Pop star Janelle Monae is using her platform to advocate for the #BlackLivesMatter movement
It’s the Electric Lady herself, Janelle Monae
, and her set at the recent One Musicfest in Atlanta is a showcase for her powerful voice, smooth raps and effortless footwork. It’s easy to see why big names like Prince and are infatuated with her talent.
As thousands of fans jam along to “Tightrope,” the song that catapulted her to pop stardom in 2010, Monae looks at home on the stage. It’s because, essentially, she grew up there.
Hailing from a family of singers, she began performing as a child in her Kansas City living room. After a stint in New York, she moved as a teenager to Atlanta, where she was discovered by Antwan “Big Boi” Patton, half of the hip-hop duo Outkast, and founded the Wondaland Arts Society, a collective of like-minded young musicians. Monae then caught the eye of Sean “Puffy” Combs, who signed her to his music label, Bad Boy Records, and her career took off.
But you get the feeling she would have made it soon enough on her own.
Most noticeable is her singular style, as the 29-year-old has crafted a unique persona. There’s her alter ego, Cindi Mayweather, an android she describes as the “Other” — representing anyone who has felt stifled by the mainstream.
There’s also her bold, distinctive look: an upturned crown of hair, red lipstick, Cover Girl skin (she’s a spokeswoman for the brand) and a preference for black-and-white tuxedos.
Mostly, though, there is Monae’s determination to call her own shots. She founded a music label, Wondaland Records, and has built an eclectic stable of young, breakthrough artists — Jidenna, Deep Cotton, St. Beauty — who share her eccentric sensibilities.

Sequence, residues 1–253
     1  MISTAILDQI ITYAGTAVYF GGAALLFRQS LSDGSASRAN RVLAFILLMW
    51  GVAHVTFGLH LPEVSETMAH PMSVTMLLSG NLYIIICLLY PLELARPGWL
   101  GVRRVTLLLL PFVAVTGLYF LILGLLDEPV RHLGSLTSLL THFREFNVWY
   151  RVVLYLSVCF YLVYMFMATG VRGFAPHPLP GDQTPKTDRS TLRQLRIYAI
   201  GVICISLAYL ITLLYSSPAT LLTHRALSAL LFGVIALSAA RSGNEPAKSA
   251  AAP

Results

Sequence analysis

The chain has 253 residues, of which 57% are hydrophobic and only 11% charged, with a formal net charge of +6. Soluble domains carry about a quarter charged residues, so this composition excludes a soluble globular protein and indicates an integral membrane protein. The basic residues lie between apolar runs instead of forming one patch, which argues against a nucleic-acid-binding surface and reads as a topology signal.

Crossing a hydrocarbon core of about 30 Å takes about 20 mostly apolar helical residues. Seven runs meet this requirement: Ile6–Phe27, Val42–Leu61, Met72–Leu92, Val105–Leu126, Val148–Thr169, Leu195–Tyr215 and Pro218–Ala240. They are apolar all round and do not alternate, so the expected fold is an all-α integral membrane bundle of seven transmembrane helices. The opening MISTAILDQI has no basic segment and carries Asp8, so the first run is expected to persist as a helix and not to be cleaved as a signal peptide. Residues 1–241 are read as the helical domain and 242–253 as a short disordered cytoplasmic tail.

And as her fame has grown, she has begun speaking out on issues of social justice. Monae has attended rallies by members of the #BlackLivesMatter movement and in August released a protest song, “Hell You Talmbout
,” that recites the names of unarmed African-Americans killed in recent confrontations with police.
CNN sat down with Monae after her One Musicfest
concert. Here is a condensed version of our conversation.
CNN: The black-and-white outfits you wear during performances seem like more than a costume. Can you explain what they represent?
Janelle Monae: The colors black and white are my uniform, to honor the working class. People like my parents, who were janitors and had to wear a uniform every day. It keeps me grounded.
CNN: You use your platform as an artist to inspire those who don’t fit the traditional mode. How has your message evolved?
Monae: I’m always thinking about that young girl or young boy who doesn’t quite know if their music, their messaging, their imaging, their voice is going to pop, if people are going to understand them. So I represent the other and those who feel like they don’t even want to be normal. They embrace the things that make them unique.
I’m always thinking about those people first when I’m writing music. Whenever I can reach that young person and inspire them to go after their own dreams, start their own movement just like I did with Wondaland. Starting their own tribe and showing people that we are not all the same, we’re not all monolithic. I think that’s what it’s all about for me.